local clinics and healthcare systems adopting strategies to improve their LTBI care cascade outcomes. Continuing to educate providers on how to screen, diagnose, and treat LTBI, particularly providers serving patients from high incidence zip codes and from communities disproportionately impacted by TB, is an important strategy to decrease the burden of active TB in San Diego County.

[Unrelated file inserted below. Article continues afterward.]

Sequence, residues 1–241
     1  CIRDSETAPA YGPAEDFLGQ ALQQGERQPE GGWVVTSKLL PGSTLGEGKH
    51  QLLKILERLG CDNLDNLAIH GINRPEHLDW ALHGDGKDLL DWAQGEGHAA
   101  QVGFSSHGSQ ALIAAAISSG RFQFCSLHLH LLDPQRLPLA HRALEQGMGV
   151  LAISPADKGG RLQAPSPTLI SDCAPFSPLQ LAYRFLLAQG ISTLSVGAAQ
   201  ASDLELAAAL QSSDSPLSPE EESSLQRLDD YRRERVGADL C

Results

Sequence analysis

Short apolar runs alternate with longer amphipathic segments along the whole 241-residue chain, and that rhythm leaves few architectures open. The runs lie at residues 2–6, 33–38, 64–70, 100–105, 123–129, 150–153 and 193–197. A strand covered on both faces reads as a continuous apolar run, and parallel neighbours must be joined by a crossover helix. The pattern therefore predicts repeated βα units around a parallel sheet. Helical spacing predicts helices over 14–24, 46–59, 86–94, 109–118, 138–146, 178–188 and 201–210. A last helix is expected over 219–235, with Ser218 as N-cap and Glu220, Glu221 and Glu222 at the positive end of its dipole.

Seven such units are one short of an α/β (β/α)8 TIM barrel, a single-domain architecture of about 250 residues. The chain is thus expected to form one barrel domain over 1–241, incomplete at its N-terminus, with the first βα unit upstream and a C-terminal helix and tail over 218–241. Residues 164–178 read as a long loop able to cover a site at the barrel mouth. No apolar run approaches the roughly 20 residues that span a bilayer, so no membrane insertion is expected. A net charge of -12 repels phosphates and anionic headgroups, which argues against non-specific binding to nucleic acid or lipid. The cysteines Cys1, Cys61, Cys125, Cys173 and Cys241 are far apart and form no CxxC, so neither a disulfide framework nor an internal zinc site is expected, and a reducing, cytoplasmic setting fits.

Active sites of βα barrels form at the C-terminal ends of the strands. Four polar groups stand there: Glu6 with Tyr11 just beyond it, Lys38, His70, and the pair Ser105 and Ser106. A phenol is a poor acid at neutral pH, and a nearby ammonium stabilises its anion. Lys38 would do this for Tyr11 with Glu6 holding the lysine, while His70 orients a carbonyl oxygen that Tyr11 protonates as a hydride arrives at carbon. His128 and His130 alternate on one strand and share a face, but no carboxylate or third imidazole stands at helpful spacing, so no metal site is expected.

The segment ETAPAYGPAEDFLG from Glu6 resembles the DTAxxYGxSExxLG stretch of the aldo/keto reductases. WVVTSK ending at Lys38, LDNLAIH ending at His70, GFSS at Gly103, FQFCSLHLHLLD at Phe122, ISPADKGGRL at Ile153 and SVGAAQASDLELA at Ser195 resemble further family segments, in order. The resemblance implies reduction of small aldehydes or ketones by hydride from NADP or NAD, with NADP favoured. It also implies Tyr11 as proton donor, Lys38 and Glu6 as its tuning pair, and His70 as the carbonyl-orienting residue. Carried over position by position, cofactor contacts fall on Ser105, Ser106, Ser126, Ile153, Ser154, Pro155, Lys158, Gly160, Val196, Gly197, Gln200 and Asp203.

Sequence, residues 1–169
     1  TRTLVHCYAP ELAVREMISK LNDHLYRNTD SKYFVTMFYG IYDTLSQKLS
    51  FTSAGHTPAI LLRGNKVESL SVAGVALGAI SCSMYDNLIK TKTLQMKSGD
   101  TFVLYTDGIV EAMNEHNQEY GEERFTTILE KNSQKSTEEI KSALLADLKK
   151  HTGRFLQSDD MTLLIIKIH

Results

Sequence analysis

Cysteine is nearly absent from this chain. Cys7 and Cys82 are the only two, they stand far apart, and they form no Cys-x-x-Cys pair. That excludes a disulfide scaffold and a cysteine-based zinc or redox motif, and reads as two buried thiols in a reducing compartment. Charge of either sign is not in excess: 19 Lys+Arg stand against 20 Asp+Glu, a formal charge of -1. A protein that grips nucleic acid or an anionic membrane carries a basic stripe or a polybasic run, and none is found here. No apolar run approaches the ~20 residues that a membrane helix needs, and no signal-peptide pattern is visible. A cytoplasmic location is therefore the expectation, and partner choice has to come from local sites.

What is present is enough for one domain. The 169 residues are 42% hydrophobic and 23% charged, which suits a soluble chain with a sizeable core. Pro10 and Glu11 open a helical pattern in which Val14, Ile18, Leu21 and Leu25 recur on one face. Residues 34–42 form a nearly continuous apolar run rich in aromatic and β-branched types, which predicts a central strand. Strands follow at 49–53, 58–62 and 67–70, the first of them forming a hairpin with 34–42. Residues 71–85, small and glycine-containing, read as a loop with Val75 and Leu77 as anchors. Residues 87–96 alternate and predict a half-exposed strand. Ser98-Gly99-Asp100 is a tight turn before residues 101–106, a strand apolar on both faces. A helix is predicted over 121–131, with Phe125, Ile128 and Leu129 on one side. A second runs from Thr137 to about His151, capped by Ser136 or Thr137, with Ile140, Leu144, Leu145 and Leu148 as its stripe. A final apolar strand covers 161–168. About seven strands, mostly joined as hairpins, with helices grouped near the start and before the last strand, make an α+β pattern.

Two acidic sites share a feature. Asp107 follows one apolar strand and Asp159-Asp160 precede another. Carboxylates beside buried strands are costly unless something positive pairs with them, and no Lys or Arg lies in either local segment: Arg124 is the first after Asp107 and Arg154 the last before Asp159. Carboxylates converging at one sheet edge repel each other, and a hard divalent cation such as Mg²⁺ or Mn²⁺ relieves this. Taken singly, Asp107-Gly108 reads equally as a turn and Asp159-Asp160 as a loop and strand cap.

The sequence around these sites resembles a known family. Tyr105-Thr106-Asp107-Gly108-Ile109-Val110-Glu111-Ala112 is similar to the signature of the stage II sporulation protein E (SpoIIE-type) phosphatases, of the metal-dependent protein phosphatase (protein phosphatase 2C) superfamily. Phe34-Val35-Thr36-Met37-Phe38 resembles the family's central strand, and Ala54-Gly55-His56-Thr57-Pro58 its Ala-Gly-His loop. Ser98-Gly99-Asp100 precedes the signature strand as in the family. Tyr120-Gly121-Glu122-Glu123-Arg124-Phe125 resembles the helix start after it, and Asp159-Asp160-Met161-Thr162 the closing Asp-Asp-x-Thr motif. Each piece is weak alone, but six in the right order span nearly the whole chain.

TBEI Community Outreach and Education Committee convenes stakeholders from organizations that serve communities that are at high risk for TB. The goal is to promote TB prevention through community outreach events and activities that educate about TB, and improve awareness and access to LTBI risk assessment, testing, and follow-up care. Public-private partnership in TB prevention activities can achieve a reduction in TB incidence in San Diego County through education and engagement of the healthcare system, stakeholder involvement in the care and education of vulnerable populations, and the community, especially in areas affected by health inequalities. Conclusion: Now Is the Time to Focus on TB Elimination TB cases have started to rise again. It is important for providers in San Diego County to help find and treat the estimated 175,000 San Diegans with LTBI, especially since a majority of active TB cases develop only after long-standing LTBI. Though a substantial decrease in TB cases was observed in the first year of the COVID-19 pandemic in San Diego County, likely due to multiple factors reflecting the impact of the pandemic, including restrictions to decrease COVID-19 transmission, fewer patients seeking care, and delayed or missed diagnoses in the healthcare system, this decline in TB cases has ended. Now is the time to leverage the momentum created by (1) the foundation work to improve public awareness of 8